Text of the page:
Rencore GmbH on Thu, 31 Jan 2013 21:50:33
Taking SharePoint Solution Deployer, my opensource PowerShell deployment script, to the next level, Bill Simser got me the idea of making the deployment even more smooth on farms with multiple WFEs and load balancer in order to achieve a no-downtime deployment
The basic idea is to deploy the solutions on each WFEs one-by-one by
1. Taking one WFE offline
2. Installing the solution with the -local switch
//Solution deployment Install-SPSolution -Identity <solutionname>.wsp –GACDeployment –CASPolicies –Local // Solution upgrade Update-SPSolution -Identity <solutionname>.wsp -LiteralPath LocalPathOfTheSolution.wsp -GacDeployment -Local
3. Run post-deployment actions on the WFE (ie. restart services, recycle apppools or IIS reset, warmup server), which my script already does for each server
4. Take WFE online again
5. Repeat step 1-4 for all other WFEs
I am struggling with three things here:
1. The whole deployment process could be quite risky when something goes wrong in between. And in order to roll back I would require the original solution if it was already deployed before (which I can back up of course before I replace it)
Anything which involves changing the content dbs should of course be done after the solutions is deployed to the whole farm, so this should not hurt in this case.
Anyway MSDN says that the "DeployLocal" method (which I assume is the same as the -local switch in PS ) should be only used
So it would be great to hear about anyones experiences with it
2. As there can be different types of load balancers (hardware, software) which might not be configurable through my script I assume that taking out the WFE from the the load balancer may not always be possible.
So I thought about just taking the server offline.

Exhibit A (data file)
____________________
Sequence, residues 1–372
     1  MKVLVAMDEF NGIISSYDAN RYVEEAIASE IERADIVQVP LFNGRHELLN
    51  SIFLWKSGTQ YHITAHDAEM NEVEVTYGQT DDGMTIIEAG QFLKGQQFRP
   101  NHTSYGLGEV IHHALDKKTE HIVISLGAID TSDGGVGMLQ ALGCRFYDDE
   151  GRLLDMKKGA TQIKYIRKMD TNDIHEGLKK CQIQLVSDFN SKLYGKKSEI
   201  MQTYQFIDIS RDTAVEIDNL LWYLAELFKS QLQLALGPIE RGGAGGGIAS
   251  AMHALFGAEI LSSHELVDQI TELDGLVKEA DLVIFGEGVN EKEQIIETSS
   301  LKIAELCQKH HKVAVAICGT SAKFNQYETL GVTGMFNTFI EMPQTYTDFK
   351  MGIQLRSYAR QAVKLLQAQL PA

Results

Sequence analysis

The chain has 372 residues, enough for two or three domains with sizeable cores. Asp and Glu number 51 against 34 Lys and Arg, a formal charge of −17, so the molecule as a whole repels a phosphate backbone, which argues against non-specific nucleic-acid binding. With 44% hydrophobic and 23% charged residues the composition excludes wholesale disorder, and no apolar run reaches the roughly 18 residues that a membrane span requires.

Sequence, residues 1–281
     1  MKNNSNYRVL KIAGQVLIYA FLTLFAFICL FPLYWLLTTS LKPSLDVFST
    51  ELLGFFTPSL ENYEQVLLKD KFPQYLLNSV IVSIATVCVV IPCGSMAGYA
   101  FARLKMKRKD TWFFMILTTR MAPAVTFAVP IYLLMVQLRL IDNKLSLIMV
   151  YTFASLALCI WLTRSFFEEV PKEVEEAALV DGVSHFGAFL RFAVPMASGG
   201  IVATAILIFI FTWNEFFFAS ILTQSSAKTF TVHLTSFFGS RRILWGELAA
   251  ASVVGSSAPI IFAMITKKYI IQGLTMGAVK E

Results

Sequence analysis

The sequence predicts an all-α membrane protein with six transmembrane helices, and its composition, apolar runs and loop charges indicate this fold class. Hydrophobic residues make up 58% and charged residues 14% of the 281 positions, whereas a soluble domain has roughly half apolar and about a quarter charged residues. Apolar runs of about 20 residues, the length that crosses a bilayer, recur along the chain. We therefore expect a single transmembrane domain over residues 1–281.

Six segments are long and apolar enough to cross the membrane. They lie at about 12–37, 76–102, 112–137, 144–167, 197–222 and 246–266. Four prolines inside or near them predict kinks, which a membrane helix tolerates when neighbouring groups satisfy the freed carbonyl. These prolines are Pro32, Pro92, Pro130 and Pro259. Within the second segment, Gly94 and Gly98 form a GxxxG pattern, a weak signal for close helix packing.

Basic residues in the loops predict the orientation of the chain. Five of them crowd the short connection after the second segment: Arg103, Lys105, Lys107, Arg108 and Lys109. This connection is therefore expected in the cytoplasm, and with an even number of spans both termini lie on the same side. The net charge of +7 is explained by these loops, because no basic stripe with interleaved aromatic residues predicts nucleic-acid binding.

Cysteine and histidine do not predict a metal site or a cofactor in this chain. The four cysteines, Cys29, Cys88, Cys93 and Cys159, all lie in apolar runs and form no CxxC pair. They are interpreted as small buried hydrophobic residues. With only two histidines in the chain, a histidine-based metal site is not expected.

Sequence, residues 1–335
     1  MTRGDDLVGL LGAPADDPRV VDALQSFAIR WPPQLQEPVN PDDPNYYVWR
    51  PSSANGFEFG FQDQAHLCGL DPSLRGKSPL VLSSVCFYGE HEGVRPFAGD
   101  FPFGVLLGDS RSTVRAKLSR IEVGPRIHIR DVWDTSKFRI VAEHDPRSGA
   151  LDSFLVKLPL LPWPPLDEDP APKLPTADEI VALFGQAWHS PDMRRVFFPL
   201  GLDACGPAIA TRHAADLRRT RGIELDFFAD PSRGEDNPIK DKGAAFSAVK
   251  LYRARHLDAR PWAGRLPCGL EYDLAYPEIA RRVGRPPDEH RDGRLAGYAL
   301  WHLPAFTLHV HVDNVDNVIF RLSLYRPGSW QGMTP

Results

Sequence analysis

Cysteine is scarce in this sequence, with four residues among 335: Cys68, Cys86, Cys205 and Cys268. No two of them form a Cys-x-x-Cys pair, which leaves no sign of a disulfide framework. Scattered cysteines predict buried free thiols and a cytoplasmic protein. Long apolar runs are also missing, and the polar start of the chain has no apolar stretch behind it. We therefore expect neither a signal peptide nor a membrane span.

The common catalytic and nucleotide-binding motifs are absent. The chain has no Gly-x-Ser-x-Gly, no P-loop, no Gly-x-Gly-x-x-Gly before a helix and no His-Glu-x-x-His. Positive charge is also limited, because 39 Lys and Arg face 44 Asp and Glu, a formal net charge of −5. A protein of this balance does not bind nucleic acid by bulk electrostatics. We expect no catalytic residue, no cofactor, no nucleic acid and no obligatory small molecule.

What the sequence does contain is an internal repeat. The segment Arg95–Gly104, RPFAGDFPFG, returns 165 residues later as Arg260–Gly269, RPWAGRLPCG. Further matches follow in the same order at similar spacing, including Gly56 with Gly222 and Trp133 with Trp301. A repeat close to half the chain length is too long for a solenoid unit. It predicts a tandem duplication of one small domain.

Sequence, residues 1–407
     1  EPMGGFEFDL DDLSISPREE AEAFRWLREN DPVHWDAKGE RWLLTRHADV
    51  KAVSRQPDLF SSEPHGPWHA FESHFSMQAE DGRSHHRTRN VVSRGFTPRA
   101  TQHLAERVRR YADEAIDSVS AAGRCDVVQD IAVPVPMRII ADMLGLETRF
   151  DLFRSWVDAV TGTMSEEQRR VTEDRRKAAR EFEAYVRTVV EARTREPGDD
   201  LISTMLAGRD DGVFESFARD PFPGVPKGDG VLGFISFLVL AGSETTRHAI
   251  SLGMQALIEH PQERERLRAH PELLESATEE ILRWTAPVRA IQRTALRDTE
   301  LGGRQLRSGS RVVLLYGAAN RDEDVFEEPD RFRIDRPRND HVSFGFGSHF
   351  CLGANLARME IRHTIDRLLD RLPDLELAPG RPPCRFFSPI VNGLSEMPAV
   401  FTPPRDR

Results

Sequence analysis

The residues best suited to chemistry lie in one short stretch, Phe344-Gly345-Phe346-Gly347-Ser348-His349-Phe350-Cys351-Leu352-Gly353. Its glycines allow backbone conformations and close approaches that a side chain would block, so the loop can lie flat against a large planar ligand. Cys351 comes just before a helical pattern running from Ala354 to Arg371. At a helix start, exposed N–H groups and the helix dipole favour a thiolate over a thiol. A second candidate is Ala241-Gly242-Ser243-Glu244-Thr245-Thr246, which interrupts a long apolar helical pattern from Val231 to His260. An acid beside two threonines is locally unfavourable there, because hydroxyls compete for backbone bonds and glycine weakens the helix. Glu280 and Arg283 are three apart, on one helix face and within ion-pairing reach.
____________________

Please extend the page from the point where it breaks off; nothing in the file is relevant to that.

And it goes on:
I haven't found an option yet to take only one server in the farm offline (without removing it from the farm of course), so maybe I miss something. Any ideas?
3. Before taking a single WFE offline, I would like to assure that this server does not have any open sessions, operations of users ongoing. Unfortunately I found only the possibility to quiesce the whole farm, but not a single
server. Am I missing something?
Appreciate any ideas which might point me in the direction to solve the overall goal!
SharePoint Architect, Speaker, MCP, MCPD, MCITP, MCSA, MCTS, Scrum Master/Product Owner
Blog: www.matthiaseinig.de, Twitter: @mattein
CodePlex: SharePoint Software Factory, SharePoint Solution Deployer
Chris Givens on Fri, 01 Feb 2013 01:03:00
If you ever do figure this out, I want to know how you do it. I can't tell you how many times I have had the uncomfortable conversation about total yearly downtime when it comes to deploying changes to SharePoint. It would be nice if they just built this into the product and the community didn't have to do things like what you are doing.
But do wish you the best of luck...we are cheering for you!
Rencore GmbH on Fri, 01 Feb 2013 07:34:59
Thx for the moral support, Chris! ;-)
I'll keep you posted on any progress.
Bil mentioned the PowerShell Cmdlets for Windows software NLB-Cluster to look into
which would help at least for these kind of LBs but I would rather prefer a more general approach.
Also the quiescing problem for the single WFE will remain.